I never went to Summer Camp. Boy Scout camping weekends and that one Jamboree, a couple of weekends with various church groups (one at a summer camp that was closed, because it wasn’t the summer, and so it was only the two vans from the church) and a family trip to (another closed) vacation camp thing was as close as I ever got. So Mark Steinmetz‘s Summer Camp presents something of a foreign land to me. I recognize some of the features, and, of course, I’ve seen many movies and television shows about camp, but it’s still foreign.
Summer Camp was the Charcoal photobook-of-the-month for January, 2020, and, yes, I’m way behind. (In fact, I have almost two full small bookshelves full of unboxed, but unreviewed books; unboxings filmed, uploaded and scheduled to go live a few times per week through the end of June, 2020; and there are about 10 stacked in a corner, awaiting unboxings, with more on the way… it’s a sickness.)
Steinmetz made these photographs between 1986 and 1997 in Massachusetts, Wisconsin, Illinois, North Carolina, and Georgia, and so if the kids look familiar to me, well, many of them are roughly the same age as me. 1986-1992 or so would’ve been prime summer camp time for me, and 1995-97 would’ve been just-right for me to have been a junior counselor, maybe. So I recognize some of the expressions and all, especially in the single portraits, with no other kids around, and of the singled-out, pensive-looking boy on a bus full of raucous tweens.
I recognize many of the activities: playing chess (I don’t any more, after flipping over a beer-can and overflowing ashtray-covered coffee table on Joe in ~2004 or 05), reading Mad magazine in bed, yawning, sitting or standing around bored out of my skull (before realizing that Boredom is Counterrevolutionary and giving it up in favor of… well, not exactly smashing the system or perpetrating the revolution of everyday life, but also not being bored). But reading Mad on the top bunk, in a large-ish camp hall, with two friends? Sitting bored with 30 or 40 others? Nope.
These kids were at camp together, with other kids, and they’re all having a great time doing it, it seems… even being bored together. What might life, for me, today, be like if I had been bored with a bunch of strange kids soon to become friends for weeks or months every summer? What if I went to camp instead of going to Grandmom & Granddad’s house in the mountains of Northwest Arkansas (where they lived for a few years after they retired, around the same time my parents divorced, and when Mom was working 80 or 90 hours per week)? Sure, in Arkansas, I swam in the lake, fished, played cards, wandered in the forest. But I did it alone or with one or another of my grandparents, and never with 50 or 80 or 100 other kids.
I can’t even imagine… Well, except that I can, kinda.
If Andrew Molitor is correct, and I think he is, or is close anyway, then I might have something of an idea, though my idea may have very little relationship to the actual experience of the kids or of Steinmetz as he photographed them.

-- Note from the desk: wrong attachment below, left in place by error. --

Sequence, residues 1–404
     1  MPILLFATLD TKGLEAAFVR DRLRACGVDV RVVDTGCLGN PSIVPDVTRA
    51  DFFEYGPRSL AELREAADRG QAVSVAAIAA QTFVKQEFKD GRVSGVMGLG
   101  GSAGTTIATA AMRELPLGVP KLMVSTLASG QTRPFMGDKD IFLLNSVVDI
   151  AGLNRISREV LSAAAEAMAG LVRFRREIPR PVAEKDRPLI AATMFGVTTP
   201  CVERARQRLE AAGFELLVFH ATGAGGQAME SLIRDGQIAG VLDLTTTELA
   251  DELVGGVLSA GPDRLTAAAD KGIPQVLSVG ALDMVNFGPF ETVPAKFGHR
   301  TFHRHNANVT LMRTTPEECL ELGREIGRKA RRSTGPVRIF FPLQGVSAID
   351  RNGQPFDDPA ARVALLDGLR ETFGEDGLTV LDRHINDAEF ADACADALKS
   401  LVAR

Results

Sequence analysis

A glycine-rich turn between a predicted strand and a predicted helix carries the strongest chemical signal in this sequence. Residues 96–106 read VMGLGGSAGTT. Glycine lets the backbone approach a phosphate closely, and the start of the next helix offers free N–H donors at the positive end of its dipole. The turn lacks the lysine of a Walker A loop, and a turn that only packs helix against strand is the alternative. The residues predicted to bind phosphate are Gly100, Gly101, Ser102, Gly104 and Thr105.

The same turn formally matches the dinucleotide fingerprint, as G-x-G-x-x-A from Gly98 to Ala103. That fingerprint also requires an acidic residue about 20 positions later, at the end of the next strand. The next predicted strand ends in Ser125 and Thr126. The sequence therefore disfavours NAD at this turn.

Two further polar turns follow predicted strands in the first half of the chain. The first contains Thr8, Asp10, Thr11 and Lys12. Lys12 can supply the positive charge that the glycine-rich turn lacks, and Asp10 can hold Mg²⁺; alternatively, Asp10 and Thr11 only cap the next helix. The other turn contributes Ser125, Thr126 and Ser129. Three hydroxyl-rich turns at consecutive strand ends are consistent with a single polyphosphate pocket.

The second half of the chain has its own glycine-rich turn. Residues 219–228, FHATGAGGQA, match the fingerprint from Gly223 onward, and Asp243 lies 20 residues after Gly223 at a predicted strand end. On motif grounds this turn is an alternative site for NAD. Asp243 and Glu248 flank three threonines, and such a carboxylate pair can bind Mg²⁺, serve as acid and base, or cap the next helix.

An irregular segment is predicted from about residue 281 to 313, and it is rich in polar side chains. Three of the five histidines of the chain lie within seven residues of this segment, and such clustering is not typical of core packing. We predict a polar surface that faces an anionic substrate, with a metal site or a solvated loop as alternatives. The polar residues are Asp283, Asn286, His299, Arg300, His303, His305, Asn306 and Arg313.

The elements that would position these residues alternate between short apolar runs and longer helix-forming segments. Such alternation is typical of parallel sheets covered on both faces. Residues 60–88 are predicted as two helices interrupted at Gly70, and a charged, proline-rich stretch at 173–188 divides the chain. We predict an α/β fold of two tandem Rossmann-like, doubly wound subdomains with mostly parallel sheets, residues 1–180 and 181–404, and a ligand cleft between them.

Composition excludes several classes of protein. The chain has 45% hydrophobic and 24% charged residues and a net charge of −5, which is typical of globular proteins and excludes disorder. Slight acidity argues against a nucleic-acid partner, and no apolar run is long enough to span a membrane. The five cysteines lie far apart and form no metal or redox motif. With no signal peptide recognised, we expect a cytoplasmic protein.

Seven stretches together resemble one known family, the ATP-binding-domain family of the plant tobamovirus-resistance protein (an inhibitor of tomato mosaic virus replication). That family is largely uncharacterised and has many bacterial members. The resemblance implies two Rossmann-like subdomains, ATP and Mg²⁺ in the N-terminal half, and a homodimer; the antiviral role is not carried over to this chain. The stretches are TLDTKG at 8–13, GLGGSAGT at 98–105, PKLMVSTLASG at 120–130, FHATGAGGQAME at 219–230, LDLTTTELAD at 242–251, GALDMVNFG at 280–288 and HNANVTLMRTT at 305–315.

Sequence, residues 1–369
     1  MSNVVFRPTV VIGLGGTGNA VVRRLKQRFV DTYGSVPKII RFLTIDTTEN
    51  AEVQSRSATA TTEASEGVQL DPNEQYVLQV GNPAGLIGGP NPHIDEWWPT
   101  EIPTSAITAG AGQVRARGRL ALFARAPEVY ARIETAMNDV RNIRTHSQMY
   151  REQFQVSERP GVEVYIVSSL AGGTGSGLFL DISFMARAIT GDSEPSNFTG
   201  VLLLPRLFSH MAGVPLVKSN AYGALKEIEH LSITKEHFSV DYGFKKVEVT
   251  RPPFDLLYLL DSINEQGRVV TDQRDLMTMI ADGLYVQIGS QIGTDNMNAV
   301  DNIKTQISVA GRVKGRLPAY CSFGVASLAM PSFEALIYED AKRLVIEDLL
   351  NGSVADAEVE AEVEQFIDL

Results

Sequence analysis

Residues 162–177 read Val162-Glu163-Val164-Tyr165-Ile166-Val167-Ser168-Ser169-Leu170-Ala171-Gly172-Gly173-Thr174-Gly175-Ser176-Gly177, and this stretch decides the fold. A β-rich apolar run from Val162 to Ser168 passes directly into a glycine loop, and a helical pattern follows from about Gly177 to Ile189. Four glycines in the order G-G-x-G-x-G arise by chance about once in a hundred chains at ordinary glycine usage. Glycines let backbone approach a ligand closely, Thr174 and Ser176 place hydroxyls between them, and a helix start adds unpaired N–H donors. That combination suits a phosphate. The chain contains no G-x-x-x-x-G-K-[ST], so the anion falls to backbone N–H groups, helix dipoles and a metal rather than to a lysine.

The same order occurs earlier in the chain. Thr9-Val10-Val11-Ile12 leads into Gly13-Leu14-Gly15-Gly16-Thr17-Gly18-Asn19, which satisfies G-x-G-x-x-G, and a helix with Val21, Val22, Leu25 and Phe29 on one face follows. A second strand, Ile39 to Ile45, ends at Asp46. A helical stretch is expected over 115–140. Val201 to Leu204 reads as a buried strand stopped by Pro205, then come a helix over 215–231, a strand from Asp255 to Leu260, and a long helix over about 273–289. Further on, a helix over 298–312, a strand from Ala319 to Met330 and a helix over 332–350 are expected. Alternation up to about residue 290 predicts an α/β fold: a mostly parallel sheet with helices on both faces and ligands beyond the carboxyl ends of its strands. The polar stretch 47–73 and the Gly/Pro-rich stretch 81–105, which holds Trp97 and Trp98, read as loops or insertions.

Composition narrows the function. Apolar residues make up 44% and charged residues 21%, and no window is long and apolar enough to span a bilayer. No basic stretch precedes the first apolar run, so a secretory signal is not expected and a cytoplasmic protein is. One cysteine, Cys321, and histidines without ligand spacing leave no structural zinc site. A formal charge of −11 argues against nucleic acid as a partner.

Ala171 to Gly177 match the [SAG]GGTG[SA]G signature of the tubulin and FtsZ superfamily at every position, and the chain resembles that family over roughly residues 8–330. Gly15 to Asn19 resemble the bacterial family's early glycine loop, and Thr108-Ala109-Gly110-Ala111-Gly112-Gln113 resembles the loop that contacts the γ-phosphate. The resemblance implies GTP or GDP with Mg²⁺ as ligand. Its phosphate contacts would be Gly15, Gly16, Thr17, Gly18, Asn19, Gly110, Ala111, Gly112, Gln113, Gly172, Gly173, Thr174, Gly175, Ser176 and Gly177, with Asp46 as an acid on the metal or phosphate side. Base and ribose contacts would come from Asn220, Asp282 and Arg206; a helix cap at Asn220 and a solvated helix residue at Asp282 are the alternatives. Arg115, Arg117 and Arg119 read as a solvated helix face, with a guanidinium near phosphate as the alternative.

According to Molitor,
a photograph brings the subject and viewer together in a real-ish way. The viewer imagines themself (a little) to be there with the subject of the photo, in the photo, there is a sense of presence. The viewer imaginatively “fills in” a world, a world they imagine to be real, to “fit” the picture into. We see a flower and we imagine the garden: a real garden.Molitor, Andrew. “Thoughts on a Framework for Photo Ethics.” retrieved from https://petapixel.com/2021/03/15/thoughts-on-a-framework-for-photo-ethics/ March 18, 2021. Molitor makes this point fairly regularly on his excellent blog, and in his Twitter account, both of which are worth a follow.
So if I see a photo of a young boy being consoled (or scolded) by a camp counselor, well, I know what it’s like to be a young boy, and to be both consoled and scolded by authority figures, and if there’s a slightly older young girl nearby, back turned, holding her hand as if her wrist hurts, well, I can imagine a story… if he’s being scolded, perhaps he jumped without looking and thereby hurt the girl; if he’s being consoled, perhaps the girl punched or shoved him. Maybe he was being an annoying little twerp and she pushed him roughly and he fell into the lake and his dad’s going to whip him for getting his shirt wet.
Or if the photograph shows a group of kids covered in shaving cream (or some other foamy substance), I can imagine how disgusting and uncomfortable and icky that feels. Yuck. Icky Icky. Yuck Yuck Yuck. *shudders*…
Thinking again, I’d really rather just look at these photographs as distant, unknowable worlds, and avoid trying to make them present for me…
Now, Steinmetz is 17 years older than me, so he was more solidly in Camp Counselor role at all stages of shooting for Summer Camp, though the book does open with a scan of a letter he sent home from a New Hampshire camp in 1969. And from the opening bus ride to camp, through the various fun, dull, exciting, mundane activities, to the tearful goodbyes and bus ride home, Summer Camp is a nice reminder of what childhood summers could be, without the axe murderers and teenage pregnancy so often portrayed in film.
The book is beautifully printed by Nazreli, and Steinmetz’s flash-lit black & white is wonderfully descriptive. Overall, I rate it a nice 3.7 stars.
Summer Camp is in its second edition, and can be found direct from Nazreli or at various fine booksellers. If you have fond memories of summer camp, it might be worth your time. Also worth your time is a trip to Steinmetz’s website, where you can view selections of his various projects, including Summer Camp. For me, it’s another case of Charcoal selecting a pretty decent book that I wouldn’t have picked out myself, and that’s why I’ve remained a subscriber for all these years.